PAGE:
Driver license suspension is a common punishment for driving under the influence. Even first-time offenders will probably lose their licenses for a short time. License suspension periods are determined at the state level and typically increase with the number of previous DUI convictions. This means that two-time DUI offenders may find themselves unable to drive for a very long time.
License Suspension Periods
Most states impose some type of driver license suspension or revocation for a first DUI conviction and the period ranges from 30 days to one year, depending on the state and factors contributing to the DUI charge. The state Department of Motor Vehicles or other relevant agency usually administers driver license suspensions or revocations for DUI convictions. These penalties are considered separate from other consequences imposed by the court.
In most states, a repeat DUI offense carries harsher penalties, particularly if it occurs within five or ten years of the previous conviction, as dictated by state law. A second DUI conviction carries a license suspension or revocation period of between 90 days and three years depending on the state. As a rule, two-time offenders should be prepared to lose their licenses for at least one year.
How Long Do You Lose Your License For a Second DUI Offense?
The new laws for how long a license is suspended for a second DUI or DWI offense is now for even a longer length of time than ever before. If convicted for a 2nd offense charge, a driver will lose their driver’s license and face the following average consequences:
- For a second DUI offense conviction or guilty plea, the average minimum penalty ranges from 10 to 90 days in jail and a 2 year driver’s license suspension length of time.
- For a 3rd offense conviction, the approximate minimum sentence is 90 days of jail-time and a minimum of 3 years of having a suspended license.
- These penalties are what the minimum sentencing guidelines are now with how strict the new second offense law has become in every state for both DUI and DWI. If a repeat offender is convicted of the charges, the actual sentence and fines/costs a person will face could be even more, since every driver’s arrest is unique to their own details of what took place.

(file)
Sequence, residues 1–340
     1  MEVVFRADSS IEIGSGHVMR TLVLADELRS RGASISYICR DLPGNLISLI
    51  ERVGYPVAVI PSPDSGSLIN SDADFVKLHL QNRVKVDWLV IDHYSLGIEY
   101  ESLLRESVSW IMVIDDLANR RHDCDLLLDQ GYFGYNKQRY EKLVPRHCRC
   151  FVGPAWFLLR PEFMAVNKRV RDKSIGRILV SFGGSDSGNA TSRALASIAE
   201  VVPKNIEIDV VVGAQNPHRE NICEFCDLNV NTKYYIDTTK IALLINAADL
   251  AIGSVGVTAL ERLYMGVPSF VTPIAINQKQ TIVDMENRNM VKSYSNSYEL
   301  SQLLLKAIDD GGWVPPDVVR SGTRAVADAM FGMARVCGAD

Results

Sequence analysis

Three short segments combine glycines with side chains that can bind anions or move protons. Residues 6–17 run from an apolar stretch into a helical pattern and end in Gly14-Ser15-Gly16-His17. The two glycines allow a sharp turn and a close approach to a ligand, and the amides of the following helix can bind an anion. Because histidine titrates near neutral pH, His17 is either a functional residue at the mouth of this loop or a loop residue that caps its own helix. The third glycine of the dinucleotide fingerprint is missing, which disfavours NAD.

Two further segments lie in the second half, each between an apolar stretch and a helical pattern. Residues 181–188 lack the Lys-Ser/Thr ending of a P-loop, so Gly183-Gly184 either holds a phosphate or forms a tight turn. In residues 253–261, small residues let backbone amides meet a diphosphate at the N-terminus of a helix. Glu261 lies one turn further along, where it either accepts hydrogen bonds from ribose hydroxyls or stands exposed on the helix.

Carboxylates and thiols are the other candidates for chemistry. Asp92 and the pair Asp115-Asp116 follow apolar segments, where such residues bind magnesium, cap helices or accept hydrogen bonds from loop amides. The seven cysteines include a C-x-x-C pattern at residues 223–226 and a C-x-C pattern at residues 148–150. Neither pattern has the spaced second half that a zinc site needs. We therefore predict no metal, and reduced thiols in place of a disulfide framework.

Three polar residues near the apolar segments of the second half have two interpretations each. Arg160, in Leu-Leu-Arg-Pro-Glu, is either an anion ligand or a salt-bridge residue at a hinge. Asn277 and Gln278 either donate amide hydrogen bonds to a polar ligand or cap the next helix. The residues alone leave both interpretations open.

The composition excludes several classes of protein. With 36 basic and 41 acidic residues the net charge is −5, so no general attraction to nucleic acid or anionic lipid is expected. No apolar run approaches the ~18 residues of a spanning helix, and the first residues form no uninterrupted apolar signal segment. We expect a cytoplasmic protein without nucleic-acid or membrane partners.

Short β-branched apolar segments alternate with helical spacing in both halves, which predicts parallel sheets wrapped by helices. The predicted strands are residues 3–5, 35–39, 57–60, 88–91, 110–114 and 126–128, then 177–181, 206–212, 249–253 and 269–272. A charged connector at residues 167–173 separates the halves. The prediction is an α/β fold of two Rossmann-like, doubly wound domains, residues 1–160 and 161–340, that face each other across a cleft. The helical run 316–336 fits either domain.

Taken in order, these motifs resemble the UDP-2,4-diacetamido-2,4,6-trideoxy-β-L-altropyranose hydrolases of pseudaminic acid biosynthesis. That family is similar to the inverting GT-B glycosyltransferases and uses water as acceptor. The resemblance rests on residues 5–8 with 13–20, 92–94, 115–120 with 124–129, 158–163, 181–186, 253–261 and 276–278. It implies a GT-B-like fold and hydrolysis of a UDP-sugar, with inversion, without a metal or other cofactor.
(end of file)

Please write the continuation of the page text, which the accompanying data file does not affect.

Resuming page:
In every type of driving under the influence case whether it is for a repeat 2nd time offense or not, and if a driver gets convicted of a DUI charge, they will also have a criminal record for life. They will also have to pay much much higher insurance rates after they get a driver’s license returned back to legally drive again after a suspension period ends. After a person begins driving a vehicle again with a valid license, they will also be required to have an Ignition Interlock device installed on the car under what the current new law is today for a second time offense conviction.
Arizona is one of few states that impose the same license suspension period, 90 days, regardless of the number of DUI convictions. New York imposes a six-month suspension on drivers convicted of second or third DUIs and Nebraska and Montana take the same approach with repeat offenders, requiring a one-year suspension period. In New Mexico, things are not as clear-cut for individuals convicted of a second DUI because the suspension period varies based on the circumstances.
Connecticut, Georgia, New Hampshire, and Virginia take a hard line with two-time DUI offenders, imposing a three-year driver license suspension or revocation. Drivers in these states who are charged with DUI should seriously consider retaining attorneys to help them fight the charges. In fact, anyone arrested for DUI would benefit from hiring a DUI lawyer. This legal expert knows which mistakes are commonly made during DUI arrests and uses these to create a strong defense.
Taking action is the only way to avoid losing the license due to DUI conviction. A visit to FightDUICharges.com to request a free DUI arrest evaluation will get the ball rolling. After being matched with a lawyer with knowledge of state DUI laws, an individual charged with DUI will be better positioned to fight the charge and avoid losing the driver license.